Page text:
Treat Your Event Speaker Right

So you’ve decided to get a speaker for your organization or event. Excellent! Now, how can you ensure it’s the best experience for everyone?

1. Evaluate Your Speaker In Advance

Sometimes the best names don’t make the best speakers. Some people are very good at what they do and hopeless at speaking about it. I suggest, if at all possible, listen to your speaker before you invite him or her to your event. This gives you a chance to evaluate if he or she is right for your group. Is he interesting? Is she clear? Does his voice irritate you? Does she stay within the time allotted, or does she ramble and talk too long?

All these things are difficult or impossible to judge from websites or speaker promotional materials. If you absolutely can’t listen yourself, get a referral from someone you trust. Nothing kills an event like the wrong speaker.

2. Speaker Bios

Every speaker should have one, and you definitely should request it in advance. If he doesn’t send one, or it’s not professional, that’s a red flag. If it’s too long, ask her to shorten it. If it doesn’t include the kind of details your organization wants (like, do you want a bit more of a personal touch?), ask the speaker if he’s willing to revise it.

And it’s your responsibility as the host to have it printed out and ready. A good speaker should have a back-up copy available in a pinch, but make sure you have it. If you forget to read the bio, you’re depriving the speaker of a vital introduction, and you make everyone wonder who forgot it. You or the speaker? Neither makes you look good.

3. Arrive Early To Meet Your Speaker

Good speakers show up early, as much as 15-30 minutes. We need to check out the space, set up and test audio-visual equipment and generally get ready. I like to look for a visible clock and adjust where I’ll be standing based on its location. Please have someone there to greet him or her and provide what everyone needs to make the event run smoothly.

If your speaker arrives just in time or, worse, late, don’t use him or her again. It’s unprofessional and makes you look bad. Let the referring party or organization know what happened.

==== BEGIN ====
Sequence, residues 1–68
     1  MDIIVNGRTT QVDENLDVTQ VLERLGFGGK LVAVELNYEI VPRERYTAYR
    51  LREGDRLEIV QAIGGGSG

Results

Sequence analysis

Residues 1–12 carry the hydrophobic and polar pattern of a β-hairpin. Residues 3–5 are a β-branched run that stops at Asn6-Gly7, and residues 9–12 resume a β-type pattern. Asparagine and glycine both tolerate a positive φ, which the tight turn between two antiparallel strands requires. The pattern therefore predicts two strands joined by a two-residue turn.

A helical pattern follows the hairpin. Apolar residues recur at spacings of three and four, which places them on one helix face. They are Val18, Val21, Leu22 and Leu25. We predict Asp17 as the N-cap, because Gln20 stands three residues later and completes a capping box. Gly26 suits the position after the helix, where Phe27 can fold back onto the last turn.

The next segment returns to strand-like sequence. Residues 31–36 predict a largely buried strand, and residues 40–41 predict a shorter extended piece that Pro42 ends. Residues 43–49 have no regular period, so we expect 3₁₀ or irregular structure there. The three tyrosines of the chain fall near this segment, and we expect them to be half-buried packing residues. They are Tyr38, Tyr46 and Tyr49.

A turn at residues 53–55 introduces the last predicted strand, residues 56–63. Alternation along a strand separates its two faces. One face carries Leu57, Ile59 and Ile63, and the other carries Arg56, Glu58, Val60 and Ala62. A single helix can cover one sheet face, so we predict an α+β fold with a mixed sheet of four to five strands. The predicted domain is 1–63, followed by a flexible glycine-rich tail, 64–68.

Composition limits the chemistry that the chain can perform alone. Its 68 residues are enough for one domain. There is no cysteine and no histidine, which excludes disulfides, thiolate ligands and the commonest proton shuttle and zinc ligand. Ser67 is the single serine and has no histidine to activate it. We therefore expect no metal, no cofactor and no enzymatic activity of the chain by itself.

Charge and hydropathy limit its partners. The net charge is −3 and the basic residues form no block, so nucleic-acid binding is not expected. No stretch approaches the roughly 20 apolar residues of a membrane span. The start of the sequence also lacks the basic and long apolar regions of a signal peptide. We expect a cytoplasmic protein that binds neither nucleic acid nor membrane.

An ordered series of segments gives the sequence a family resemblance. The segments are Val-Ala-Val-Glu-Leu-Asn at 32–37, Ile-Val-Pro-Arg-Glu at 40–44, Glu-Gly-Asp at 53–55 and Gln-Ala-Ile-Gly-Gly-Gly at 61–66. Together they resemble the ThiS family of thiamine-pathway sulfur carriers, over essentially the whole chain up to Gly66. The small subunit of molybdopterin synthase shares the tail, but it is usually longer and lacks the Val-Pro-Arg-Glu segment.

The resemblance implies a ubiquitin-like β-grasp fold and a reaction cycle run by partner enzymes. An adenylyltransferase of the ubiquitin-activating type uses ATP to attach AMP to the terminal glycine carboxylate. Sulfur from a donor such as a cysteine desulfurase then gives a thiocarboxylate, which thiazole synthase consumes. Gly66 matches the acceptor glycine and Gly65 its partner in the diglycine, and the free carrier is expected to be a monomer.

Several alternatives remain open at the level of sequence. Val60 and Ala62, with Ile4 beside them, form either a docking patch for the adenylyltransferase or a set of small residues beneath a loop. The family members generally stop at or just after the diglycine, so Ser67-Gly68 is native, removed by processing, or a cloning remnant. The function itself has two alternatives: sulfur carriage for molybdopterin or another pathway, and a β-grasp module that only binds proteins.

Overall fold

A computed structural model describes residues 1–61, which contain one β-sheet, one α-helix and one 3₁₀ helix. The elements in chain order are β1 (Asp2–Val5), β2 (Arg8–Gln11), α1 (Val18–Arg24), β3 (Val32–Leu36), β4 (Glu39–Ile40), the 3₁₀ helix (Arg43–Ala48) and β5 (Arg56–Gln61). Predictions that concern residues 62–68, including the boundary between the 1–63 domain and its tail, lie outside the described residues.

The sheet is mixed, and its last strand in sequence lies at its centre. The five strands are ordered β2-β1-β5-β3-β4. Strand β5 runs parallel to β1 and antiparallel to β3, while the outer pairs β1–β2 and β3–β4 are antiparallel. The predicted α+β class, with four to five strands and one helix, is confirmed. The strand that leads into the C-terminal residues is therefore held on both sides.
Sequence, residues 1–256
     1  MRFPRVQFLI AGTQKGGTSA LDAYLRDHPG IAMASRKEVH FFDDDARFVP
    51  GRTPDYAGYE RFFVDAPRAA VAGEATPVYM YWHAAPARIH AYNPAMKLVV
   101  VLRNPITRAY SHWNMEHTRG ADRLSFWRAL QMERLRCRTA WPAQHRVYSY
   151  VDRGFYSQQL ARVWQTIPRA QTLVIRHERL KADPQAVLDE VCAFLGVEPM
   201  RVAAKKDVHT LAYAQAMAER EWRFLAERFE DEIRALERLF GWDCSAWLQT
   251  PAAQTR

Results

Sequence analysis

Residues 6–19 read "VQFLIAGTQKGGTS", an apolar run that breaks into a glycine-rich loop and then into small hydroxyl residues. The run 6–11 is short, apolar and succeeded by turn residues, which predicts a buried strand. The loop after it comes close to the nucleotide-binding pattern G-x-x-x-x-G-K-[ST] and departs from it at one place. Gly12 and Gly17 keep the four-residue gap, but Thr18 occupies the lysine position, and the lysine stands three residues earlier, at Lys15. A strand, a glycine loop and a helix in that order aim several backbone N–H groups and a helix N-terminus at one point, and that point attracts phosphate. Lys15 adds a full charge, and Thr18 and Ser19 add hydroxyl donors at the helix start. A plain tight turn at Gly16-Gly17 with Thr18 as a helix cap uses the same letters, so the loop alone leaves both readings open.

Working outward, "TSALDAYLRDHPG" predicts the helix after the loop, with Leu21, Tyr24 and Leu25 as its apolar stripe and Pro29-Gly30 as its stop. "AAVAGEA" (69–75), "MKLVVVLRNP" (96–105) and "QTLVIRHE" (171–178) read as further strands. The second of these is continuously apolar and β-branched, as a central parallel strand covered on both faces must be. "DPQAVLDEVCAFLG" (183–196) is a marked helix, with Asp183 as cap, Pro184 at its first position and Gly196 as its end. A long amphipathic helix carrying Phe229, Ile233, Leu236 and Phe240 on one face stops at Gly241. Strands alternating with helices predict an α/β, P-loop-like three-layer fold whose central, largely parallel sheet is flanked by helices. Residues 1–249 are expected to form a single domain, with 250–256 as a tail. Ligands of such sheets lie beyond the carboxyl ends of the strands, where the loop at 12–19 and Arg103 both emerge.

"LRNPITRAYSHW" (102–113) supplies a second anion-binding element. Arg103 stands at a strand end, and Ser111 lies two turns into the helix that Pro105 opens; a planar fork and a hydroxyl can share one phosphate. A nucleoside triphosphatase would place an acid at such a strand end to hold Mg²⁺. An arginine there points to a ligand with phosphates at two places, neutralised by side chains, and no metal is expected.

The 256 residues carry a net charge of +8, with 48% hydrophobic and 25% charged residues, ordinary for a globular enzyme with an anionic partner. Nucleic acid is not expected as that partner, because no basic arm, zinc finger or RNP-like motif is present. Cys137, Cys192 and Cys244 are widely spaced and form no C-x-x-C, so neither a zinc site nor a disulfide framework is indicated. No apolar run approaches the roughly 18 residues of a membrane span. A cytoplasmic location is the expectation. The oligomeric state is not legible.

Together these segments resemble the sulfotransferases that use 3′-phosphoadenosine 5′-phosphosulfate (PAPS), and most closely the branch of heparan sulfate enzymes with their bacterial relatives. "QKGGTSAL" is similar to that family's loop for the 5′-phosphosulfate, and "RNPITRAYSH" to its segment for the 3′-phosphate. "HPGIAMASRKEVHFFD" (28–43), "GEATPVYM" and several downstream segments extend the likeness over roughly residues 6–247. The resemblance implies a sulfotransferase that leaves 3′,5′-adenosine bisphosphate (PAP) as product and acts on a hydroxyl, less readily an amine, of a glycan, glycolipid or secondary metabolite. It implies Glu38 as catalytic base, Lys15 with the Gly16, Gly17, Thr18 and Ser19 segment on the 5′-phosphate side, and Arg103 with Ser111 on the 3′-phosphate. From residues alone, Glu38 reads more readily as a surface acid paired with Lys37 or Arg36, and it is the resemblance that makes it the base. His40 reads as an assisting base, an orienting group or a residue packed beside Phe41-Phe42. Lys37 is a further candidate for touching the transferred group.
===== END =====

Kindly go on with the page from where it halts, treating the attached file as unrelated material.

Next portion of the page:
4. Timing of Presentation

Please make the timing clear in advance. If you give a speaker 15 minutes, please don’t cut it to 10 at the last minute. Yes, we should all be able to be flexible with our presentations, but most of us plan for a particular amount of time, and it’s disrespectful to make us adjust it on the fly without a darned good reason.

On the other hand, some speakers don’t know when to stop. If you get one who is long-winded, don’t hesitate to cut him or her off. Do it respectfully, but do it. Your audience has an expectation of when an event will end. Don’t make them wait around because your speaker wasn’t prepared.

In case you hadn’t guessed, I’ve had each of these go wrong for me, either as a speaker or as an event organizer. When selected and treated correctly, a good speaker can make your event pop. And a bad one can make it flop. Do what you can to make it a good experience for everyone.

Anyone else want to add your own experiences to the list?

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4 Responses to “Treat Your Event Speaker Right”

  1. Yeah, boring speakers on a great subject. I’ve had that happen. It’s excruciating for everyone, and the person who recommended the speaker is now in a position of her credibility at evaluating speakers called into question.

  2. Ari Herzog says:

    You forgot to include the cost factor.

    I was invited to speak at an out-of-state conference — and shame on me for not asking up front if there were payment terms whereby I’d be subsidized the costs of transportation, lodging, etc.

    When the answer came back as a negative, or under certain conditions, my heart sank when I realized the costs would outweigh my wanting to participate.

    If someone really wants a speaker, that someone should do everything possible to get the person there.

  3. Juli Monroe says:

    Excellent point, Ari. I did forget that one. I have a friend who was asked to speak at a conference, and not only did she have to pay her own way, but she had to pay the conference registration fee as well! I just call that speaker abuse.

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